Moving Home? Follow this Changing Locks Checklist

Personal and family security are crucial when moving home. Having a clear strategy for any lock changing is absolutely essential. Your move may be very simple but even so, we recommend adding: ‘Changing Locks’ to your to-do list and follow this simple check-list to ensure you have taken any actions that you need.

Changing Lock

1. Newly Built Home

This is the most straightforward situation. Your locks and keys will be brand new and you will be in full control. Remember that most insurance companies require deadlocks on all external doors and locks that require a key on all accessible windows. Check with your current or new insurer before you move in, to make sure you have sufficient locks in place.

2. Buying an Existing House

It is recommended that you change the locks on all external doors and accessible windows. The chances of the previous owner using keys to access your property is very slim. But you can never be sure who they have leant keys to in the past or even a simple case of them losing a key and an unknown person has picked it up and can somehow trace it to your place. Replacing locks is also a good way to ensure all your locks meet your insurance requirements.

3. Buying an Apartment, Unit or Townhouse

You may need to check the Owners Corporations (sometimes called Body Corporate) guidelines of the building you have bought into. There may be restrictions around the kinds of locks that you can install and preferred suppliers. Make this a priority, preferably before you move in or as soon as possible. As with any new abode, you want to feel completely secure and not worried about who out in the world might have keys to your apartment.

Of course most apartment buildings will have external keys or codes to enter the building itself as well as perhaps undercover parking or secure garages. You need to ensure you have all requisite keys and codes and also know the process should you want to request extra keys or request a change (eg: if the whole building is burgled or cars are vandalised).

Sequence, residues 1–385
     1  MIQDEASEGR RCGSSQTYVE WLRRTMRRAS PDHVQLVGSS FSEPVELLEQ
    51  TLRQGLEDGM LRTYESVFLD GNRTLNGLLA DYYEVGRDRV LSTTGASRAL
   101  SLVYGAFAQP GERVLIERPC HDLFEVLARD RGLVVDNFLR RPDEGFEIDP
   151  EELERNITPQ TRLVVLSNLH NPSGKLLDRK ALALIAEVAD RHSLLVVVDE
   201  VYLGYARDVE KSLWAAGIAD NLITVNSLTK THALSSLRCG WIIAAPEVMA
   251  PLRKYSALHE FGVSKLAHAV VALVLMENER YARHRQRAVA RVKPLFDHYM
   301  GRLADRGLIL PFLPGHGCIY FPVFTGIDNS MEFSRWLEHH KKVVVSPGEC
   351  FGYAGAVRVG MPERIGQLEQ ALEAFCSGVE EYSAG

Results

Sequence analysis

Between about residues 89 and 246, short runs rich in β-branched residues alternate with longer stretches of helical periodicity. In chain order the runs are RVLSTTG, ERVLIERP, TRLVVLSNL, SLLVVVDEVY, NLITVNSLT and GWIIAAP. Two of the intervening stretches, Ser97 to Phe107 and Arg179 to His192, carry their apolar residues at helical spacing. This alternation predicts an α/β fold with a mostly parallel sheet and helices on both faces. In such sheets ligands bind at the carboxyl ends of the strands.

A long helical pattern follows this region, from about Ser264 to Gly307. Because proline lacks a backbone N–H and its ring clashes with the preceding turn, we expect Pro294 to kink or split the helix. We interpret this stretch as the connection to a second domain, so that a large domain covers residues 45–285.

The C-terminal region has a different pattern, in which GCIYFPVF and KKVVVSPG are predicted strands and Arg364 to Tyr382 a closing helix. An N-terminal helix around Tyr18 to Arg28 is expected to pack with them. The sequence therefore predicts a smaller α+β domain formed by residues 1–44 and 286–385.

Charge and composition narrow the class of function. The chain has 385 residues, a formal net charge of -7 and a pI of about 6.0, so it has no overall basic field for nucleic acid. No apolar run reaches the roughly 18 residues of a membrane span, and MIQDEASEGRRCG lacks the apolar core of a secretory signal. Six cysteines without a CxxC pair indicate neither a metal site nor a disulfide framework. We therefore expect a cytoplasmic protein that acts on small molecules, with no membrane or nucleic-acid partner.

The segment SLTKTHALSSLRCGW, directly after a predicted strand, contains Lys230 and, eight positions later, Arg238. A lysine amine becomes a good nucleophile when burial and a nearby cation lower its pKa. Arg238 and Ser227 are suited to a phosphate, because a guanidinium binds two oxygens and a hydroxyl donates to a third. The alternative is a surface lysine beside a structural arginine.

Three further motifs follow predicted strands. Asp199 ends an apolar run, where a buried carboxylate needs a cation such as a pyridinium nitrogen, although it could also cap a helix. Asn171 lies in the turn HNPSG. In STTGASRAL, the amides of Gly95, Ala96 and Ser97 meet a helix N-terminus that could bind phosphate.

When it comes to units and townhouses, similar guidelines may apply in terms of consulting the Owners Corporation or similar body. Also, there are often questions of style and design to consider. If you want to install a screen door but no other units have them, how is it best to approach this?

4. Moving into a Rental Property

All of the same security recommendations apply when moving into a new rental property, be it a house, apartment, unit or townhouse.

What makes matters slightly more complicated is that as you are not the owner you will need to seek permission to change locks or install new locks.

Landlords are obliged to ensure all external doors have locks and all windows can be secured. Landlords are not legally obliged to change locks when new tenants move in. Most real estate agents have a register of keys issued to past tenants and so can verify – to an extent – that no extraneous keys to your rental property are out in the world.

You may still wish to arrange for locks to be changed. This could be due to your insurance company or just your own peace of mind.

When you make this request, be firm, clear and polite. You may be dealing directly with your landlord or with a real estate agent. In most cases they may approve the change of locks but you will be responsible for payment. In some cases they may even request that you change the locks back to the original when you move out and that you bear the cost of both changes and any subsequent damage to doors or windows.

Don’t get so worried about changing locks that it diminishes from your pleasure in your new place – whether bought or rented. Act with caution and common sense.

Author Bio:

Jeremy works with Five Star Locksmiths (Melbourne). Five Star Locksmiths provide 24 hour locksmith services in Melbourne’s CBD and its suburbs. Jeremy writes content that provides value to the readers.

Erin Emanuel